Keenan 1 Harry Keenan Dr. Millar ENGL 1102-8 12 March 2012 Power of Music Being an artist can be tough. Some people do not take artists seriously, and others are constantly critiquing their material. But, if an artist is good at what they do, be it filmmaking or painting, they are left alone. However, in some cases, such as in Steve Lopez's The Soloist, the artist's well being is constantly in question by other characters. If we analyze Nathaniel Ayer, we can see that true artists are misunderstood by society.
In defiance of Keller’s instruction when Keller asks Paul to practice one piece instead he prepares two; he is hurt by the implication that he is not as good as he thinks he is or that Keller dismisses his talent in saying, ‘perhaps there can be no perfection’ which Paul responds to be ‘ignoring his advice,’ playing, ‘till his hands ached.’ Paul’s insensibility, which the author uses to render Keller’s teaching less efficacious is shown in the scene where Keller tries to inform Paul about his past and Paul is at first too insensitive, probing too deeply by asking Keller ‘Why didn’t you [leave]?’ and later during the confession Keller paternally hopes will benefit Paul, his interest is not sufficient to miss his rendezvous with Rosie. The context of Darwin’s steamy sexuality fuels his love for romantic music, something Keller no longer has any interest in. He is encountering sexuality and he loves Keller’s passionate rendition of Wagner’s Tristan from which he describes as ‘wonderful’ yet which Keller dismisses as ‘cheap tricks’. It is this sexual awakening that makes Paul ‘increasingly impervious to [Keller’s] criticism’ and though Keller’s brilliance is evident and the scathing eccentric teaching style as relevant as ever, Paul becomes less able to appreciate it.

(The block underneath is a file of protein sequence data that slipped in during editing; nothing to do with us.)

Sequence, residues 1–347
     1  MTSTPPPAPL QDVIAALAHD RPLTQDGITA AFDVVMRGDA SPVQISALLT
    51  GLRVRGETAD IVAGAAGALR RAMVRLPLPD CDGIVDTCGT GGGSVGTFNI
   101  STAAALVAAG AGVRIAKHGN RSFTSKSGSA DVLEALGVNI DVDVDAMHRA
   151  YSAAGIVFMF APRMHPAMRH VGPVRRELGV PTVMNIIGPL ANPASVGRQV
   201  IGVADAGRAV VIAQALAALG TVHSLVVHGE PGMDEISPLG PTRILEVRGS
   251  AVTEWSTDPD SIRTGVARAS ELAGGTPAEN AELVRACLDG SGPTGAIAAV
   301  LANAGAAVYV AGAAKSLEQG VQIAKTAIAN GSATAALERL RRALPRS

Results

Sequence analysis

Can’t I simply ignore the nuisance? Is it really worth it to emit an ugly sound, which grates on my ears as well, which may distract others from the movie and may distract others from the movie and may draw on my head some physical retaliation against which I am ill-prepared to defend myself, or else some unpleasant curse? Here, the author clearly shows his purpose with his process of telling people to be quiet, but it’s not in a serious tone. He’s telling it with a flare of humor which adds a bit of irony. The author’s arrogant tone is also clearly shown when he was trying to hold himself back from telling the two ladies to stop talking.
This arrogance shown by Birling portrays the upper class in a bad way and creates the dislike for Mr Birling. In the play priestly makes the audience perceive birling as foolish and arrogant, this portrays the upper class as bad and the audience of 1946 start to see that maybe the upper class isn’t so great and that they might be wrong “the Germans don’t want war” and “absolutely unsinkable” these show how wrong birling’s views and ideas were and how the upper class are wrong. This use of showing Birling as arrogant makes the audience side with the audience. Birling denies major future events and priestly uses dramatic irony to show the arrogance of Birling and the denial he is in. this arrogance by Birling is shown through his lack of care for his family and his priories are climbing the social ladder and stopping a public scandal.